#UnqualifiedForTech: This viral hashtag is exposing how the tech industry rewards white privilege
There are several possible reasons why. Unconscious bias, for example, can affect how candidates are judged before they even walk in the door. The industry, however, likes to blame the pipeline — the supposed lack of qualified and available candidates who aren’t white men.
“A white man can stumble himself into a tech job or apply a little elbow grease to get hired,” she tweeted early Monday. “A white woman must crawl up a mountain, ducking hiring/promotions obstacles as she goes. But [people of color]? Basically NEED a [computer science] degree to get considered.”
Who is really #UnqualifiedForTech?
The hashtag began with this tweet Sunday afternoon explaining Goldfuss’ qualifications and where she works now.
The Twitter post got a flood of responses, many from people offering similar stories. Many of the responders said they work in tech but majored in something unrelated. Some folks said they didn’t graduate college at all.
The trend reveals how subjective and arbitrary the term “qualified” can be
“I was inspired to start #UnqualifiedForTech after constantly reading about Equifax’s chief information security officer being unqualified for her position due to her music degree,” Goldfuss said in a Twitter direct message. “As someone who has a degree in film but takes great care in her work as an engineer, I was sick of seeing someone’s career reduced to such a binary comparison.”
Goldfuss said she was taken aback not just by the volume of responses, but the racial makeup of those who chimed in. As some users pointed out, the majority of the thread appears to be white people talking about the success they’ve seen without a related (or any) degree. Many respondents were white — not exclusively, but overwhelmingly.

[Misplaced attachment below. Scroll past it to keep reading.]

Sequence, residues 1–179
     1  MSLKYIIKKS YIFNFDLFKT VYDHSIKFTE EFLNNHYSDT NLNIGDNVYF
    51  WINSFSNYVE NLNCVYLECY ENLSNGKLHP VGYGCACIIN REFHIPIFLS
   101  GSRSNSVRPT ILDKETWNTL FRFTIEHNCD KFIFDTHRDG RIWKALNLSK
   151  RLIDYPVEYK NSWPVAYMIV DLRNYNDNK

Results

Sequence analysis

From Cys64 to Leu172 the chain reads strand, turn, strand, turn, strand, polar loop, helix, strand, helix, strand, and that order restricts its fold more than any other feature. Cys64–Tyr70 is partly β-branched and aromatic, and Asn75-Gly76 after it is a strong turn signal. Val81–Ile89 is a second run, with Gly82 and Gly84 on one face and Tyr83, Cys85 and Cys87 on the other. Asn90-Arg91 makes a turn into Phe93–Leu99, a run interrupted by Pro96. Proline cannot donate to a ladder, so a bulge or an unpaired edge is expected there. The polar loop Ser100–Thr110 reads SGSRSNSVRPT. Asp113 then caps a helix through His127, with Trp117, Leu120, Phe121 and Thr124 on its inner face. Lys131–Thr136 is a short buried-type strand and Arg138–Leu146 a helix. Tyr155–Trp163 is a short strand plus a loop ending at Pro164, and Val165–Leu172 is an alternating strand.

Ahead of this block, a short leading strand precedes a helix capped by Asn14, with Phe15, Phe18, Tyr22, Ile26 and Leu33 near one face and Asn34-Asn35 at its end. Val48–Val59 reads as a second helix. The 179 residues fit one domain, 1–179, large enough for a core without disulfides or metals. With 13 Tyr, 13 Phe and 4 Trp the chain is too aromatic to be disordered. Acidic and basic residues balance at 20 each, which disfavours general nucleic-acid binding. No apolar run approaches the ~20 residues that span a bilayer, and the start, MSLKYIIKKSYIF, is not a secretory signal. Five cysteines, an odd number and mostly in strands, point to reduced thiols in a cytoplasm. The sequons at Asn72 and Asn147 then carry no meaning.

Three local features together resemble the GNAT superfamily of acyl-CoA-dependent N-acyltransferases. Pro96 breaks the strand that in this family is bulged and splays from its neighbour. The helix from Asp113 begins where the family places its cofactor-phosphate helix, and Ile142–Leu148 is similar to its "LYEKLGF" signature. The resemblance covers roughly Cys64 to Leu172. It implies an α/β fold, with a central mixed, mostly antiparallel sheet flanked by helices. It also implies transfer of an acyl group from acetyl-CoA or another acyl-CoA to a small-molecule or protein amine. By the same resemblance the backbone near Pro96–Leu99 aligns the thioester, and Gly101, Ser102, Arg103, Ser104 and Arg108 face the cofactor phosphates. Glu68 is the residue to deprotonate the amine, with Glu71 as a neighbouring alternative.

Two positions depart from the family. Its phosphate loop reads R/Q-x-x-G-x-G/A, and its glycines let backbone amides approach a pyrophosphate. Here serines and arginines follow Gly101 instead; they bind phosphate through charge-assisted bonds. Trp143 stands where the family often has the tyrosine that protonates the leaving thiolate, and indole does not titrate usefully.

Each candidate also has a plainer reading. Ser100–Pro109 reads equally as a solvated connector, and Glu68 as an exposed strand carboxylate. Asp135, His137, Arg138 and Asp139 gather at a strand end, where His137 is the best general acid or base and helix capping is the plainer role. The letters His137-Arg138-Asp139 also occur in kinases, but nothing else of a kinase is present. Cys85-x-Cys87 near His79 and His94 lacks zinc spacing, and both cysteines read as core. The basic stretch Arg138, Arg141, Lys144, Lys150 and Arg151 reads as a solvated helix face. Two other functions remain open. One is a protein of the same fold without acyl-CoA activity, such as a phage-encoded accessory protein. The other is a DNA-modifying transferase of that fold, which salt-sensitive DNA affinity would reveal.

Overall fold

Twitter aside, statistics show that black and Hispanic people make up a small percentage of companies in the tech sector: 7.4 to 14.4% for black employees and 8 to 13.9% for Hispanic employees, according to the Equal Employment Opportunity Commission. For white workers, that number is between 63.5 and 68.5%. The numbers are even more unequal at the tech industry’s executive level, which is 83.3% white, 2 to 5.3% black, 3.1 to 5.3% Hispanic and 10.6 to 19.5% Asian-American. At top Silicon Valley tech firms, less than 1% of executives are African-American, according to 2014 data.
“Good hiring tries to eliminate bias, but it will always be easier to get hired when the interviewer identifies with you,” Goldfuss tweeted. “And for [people of color], sometimes the only thing they can use to establish that rapport is a technical degree. [It takes] a pile of technical degrees, accreditations and accomplishments to get their interviewers to ignore ingrained bias.”
“Good hiring tries to eliminate bias, but it will always be easier to get hired when the interviewer identifies with you.”
Meanwhile, the hashtag responses suggest that white employees can more easily make up for their lack of credentials by being a “cultural fit.” Those who aren’t part of that culture have to be twice as good. At the very least, they need a computer science degree to even get in the door.
What the tech industry needs to do
Initiatives like Black Girls Code and Code2040 go out of their way to address this problem by offering black and Hispanic students of many age groups skills that will help them secure tech jobs. But the real solution lies not only in hiring diverse talent, but doing so in the company’s early stages, as people like Black Girls Code CEO Kimberly Bryant have pointed out. Inclusion is the next step: Companies can offer internal programs and opportunities to make sure hires stick around and can find paths upward.
“If a [person of color] made it into tech without a technical degree, it’s much more risky for them to admit it publicly,” Goldfuss tweeted. “Use #UnqualifiedForTech as a launchpad for hiring unconventional employees. But make sure you’re giving EVERYONE the benefit of the doubt. Not just the people who look like you.”
“I was surprised at the amount of respondents who were white, but I shouldn’t have been,” said Goldfuss. “That type of mobility is a definite mark of privilege.”